In “Occupy the Squares, Squat the Buildings”, a paper written shortly after the eviction of Madrid’s Puerta del Sol, Miguel Martínez and Ángela García show how two movements — the mass popular occupation of Madrid’s central Puerta del Sol, and that of Madrid’s squatted and self-managed social centers — interacted to reinforce one another through shared resources, shared physical spaces, shared logistics and people, and of course shared (but by no means homogeneous) ideas and practices. Horizontality has been the organizational modus operandi of these movements, advancing a staunchly anti-neoliberal, if not outright anti-capitalist critique of Spain’s deteriorating economic and political status quo. This is a status quo primarily characterized by heinous and growing wealth inequality, desperate unemployment, savage austerity, opportunistic privatizations and deeply embedded political corruption.
The opening of Istanbul’s first squatted and self-managed social center, appropriately named Don Kişot (Quixote) shortly after the eviction of Gezi Park, has key parallels with the Spanish experience. The inquisitiveness of one of forty odd police officers during a first visit to Kadiköy’s first squatted and self-managed social center, is revealing: does this have something to do with Gezi Park? The answer, of course, is yes — it has a lot to do with the predominantly anti-authoritarian uprising against the AKP government. The critical yet pragmatic anti-neoliberal or anti-capitalist strand of protest that was so apparent during the Gezi Park occupation has resurfaced in this once empty building, which now houses autonomous community projects of all shapes and kinds. [Read More]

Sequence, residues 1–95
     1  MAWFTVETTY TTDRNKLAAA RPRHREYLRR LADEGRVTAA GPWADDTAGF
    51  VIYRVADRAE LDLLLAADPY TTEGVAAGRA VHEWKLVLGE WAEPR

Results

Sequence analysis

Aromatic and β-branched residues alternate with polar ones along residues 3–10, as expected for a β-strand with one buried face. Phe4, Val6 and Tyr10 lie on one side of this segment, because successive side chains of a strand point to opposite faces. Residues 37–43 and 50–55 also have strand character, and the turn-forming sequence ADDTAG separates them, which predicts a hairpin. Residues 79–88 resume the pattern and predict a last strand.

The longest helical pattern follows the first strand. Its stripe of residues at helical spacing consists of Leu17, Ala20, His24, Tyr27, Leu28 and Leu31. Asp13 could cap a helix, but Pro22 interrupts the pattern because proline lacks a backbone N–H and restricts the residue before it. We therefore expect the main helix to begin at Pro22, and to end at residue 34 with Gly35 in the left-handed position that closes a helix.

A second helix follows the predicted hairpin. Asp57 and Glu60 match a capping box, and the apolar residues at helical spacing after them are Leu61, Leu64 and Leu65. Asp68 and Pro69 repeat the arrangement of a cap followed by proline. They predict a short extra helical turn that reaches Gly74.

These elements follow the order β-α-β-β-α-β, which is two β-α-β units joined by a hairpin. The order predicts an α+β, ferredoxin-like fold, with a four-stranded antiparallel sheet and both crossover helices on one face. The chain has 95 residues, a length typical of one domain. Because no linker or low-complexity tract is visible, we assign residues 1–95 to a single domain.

On Monday the 6th of January 2014 a house in 221 Route de Saint Omer, Calais was squatted, which was left empty for more than 1 year.
5 days later, the house got evicted and all legal procedures have been ignored by the authorities. On Thursday, the cops and representatives of the owner, OPH (Office Public de l’Habitat) came to the house. The mayor of Calais, Natacha Bouchard, actually ‘president d’honneur’ of the OPH, is for sure not amused about people claiming their need of a safe shelter.
On friday about 30 cops, together with the workers from OPH, arrived at the house. [Read More]
A dozen houses in the Mangueira slums of Rio de Janeiro have been demolished, and residents have been removed at gun point by the government of Brazil in order to build a parking lot for the upcoming World Cup.
We received a notification from the police, threatening once again to evict the social centre if the concert takes place on January 5th, 2014.
The door was forced but they didn’t enter the squat.
Artists, activists, intellectuals and travellers have finally found a focal point for the changing face of Tbilisi’s cultural scene. In the spirit of European squats, the space is a melting pot for ideas and free expression. And there’s even a camel.
First squatting action in Amsterdam 2014. Good start of the year, lots of people, beautiful empty house Today visit of neighborhood cop and for the moment we stay. Thanks to all the people that show solidarity and help to make it possible. Kraaken gaat door 2014. The house is located on Plantage Middenlaan 72, Amsterdam. Neighbourhood letter below [Read More]
Peoples kitchen returns to Hackney after a festive break, continuing every Thursday from 7pm with free/donation based food and film screening after.
So come check out our new home for the social centre at 52B Well Street, E9 7PX, and let us know what you think (or how YOU can make it better!)
A public open day will also be taking place on Saturday 11th January for our ‘official’ opening. [Read More]